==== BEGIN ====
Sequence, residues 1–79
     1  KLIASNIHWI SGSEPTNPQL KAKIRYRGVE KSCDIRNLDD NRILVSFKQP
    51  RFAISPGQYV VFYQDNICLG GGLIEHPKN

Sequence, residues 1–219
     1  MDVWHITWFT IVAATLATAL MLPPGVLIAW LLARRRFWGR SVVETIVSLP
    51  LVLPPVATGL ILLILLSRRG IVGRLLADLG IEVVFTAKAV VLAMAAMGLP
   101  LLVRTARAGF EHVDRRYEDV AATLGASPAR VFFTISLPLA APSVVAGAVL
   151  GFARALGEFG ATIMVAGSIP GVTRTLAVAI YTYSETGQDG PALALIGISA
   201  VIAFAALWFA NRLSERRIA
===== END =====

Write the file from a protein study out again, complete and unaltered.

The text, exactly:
Sequence, residues 1–79
     1  KLIASNIHWI SGSEPTNPQL KAKIRYRGVE KSCDIRNLDD NRILVSFKQP
    51  RFAISPGQYV VFYQDNICLG GGLIEHPKN

Sequence, residues 1–219
     1  MDVWHITWFT IVAATLATAL MLPPGVLIAW LLARRRFWGR SVVETIVSLP
    51  LVLPPVATGL ILLILLSRRG IVGRLLADLG IEVVFTAKAV VLAMAAMGLP
   101  LLVRTARAGF EHVDRRYEDV AATLGASPAR VFFTISLPLA APSVVAGAVL
   151  GFARALGEFG ATIMVAGSIP GVTRTLAVAI YTYSETGQDG PALALIGISA
   201  VIAFAALWFA NRLSERRIA